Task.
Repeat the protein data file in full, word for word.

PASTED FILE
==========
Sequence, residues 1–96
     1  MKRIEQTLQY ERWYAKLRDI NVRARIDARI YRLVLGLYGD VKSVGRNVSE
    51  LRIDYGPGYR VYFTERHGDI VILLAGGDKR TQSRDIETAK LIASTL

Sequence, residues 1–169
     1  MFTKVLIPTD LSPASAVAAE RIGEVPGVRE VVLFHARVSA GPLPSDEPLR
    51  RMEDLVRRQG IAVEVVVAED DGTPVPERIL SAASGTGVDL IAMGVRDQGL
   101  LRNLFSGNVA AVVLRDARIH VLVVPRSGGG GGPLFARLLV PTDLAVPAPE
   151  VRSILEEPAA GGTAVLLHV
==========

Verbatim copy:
Sequence, residues 1–96
     1  MKRIEQTLQY ERWYAKLRDI NVRARIDARI YRLVLGLYGD VKSVGRNVSE
    51  LRIDYGPGYR VYFTERHGDI VILLAGGDKR TQSRDIETAK LIASTL

Sequence, residues 1–169
     1  MFTKVLIPTD LSPASAVAAE RIGEVPGVRE VVLFHARVSA GPLPSDEPLR
    51  RMEDLVRRQG IAVEVVVAED DGTPVPERIL SAASGTGVDL IAMGVRDQGL
   101  LRNLFSGNVA AVVLRDARIH VLVVPRSGGG GGPLFARLLV PTDLAVPAPE
   151  VRSILEEPAA GGTAVLLHV